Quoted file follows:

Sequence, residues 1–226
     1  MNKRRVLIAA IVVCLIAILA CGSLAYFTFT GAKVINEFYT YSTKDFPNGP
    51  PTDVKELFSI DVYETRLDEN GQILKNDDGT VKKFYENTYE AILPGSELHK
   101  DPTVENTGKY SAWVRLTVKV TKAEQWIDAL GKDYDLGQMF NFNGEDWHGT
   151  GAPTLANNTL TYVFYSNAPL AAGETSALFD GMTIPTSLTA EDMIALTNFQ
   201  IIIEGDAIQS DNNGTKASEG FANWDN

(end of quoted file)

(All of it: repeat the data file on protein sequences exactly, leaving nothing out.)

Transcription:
Sequence, residues 1–226
     1  MNKRRVLIAA IVVCLIAILA CGSLAYFTFT GAKVINEFYT YSTKDFPNGP
    51  PTDVKELFSI DVYETRLDEN GQILKNDDGT VKKFYENTYE AILPGSELHK
   101  DPTVENTGKY SAWVRLTVKV TKAEQWIDAL GKDYDLGQMF NFNGEDWHGT
   151  GAPTLANNTL TYVFYSNAPL AAGETSALFD GMTIPTSLTA EDMIALTNFQ
   201  IIIEGDAIQS DNNGTKASEG FANWDN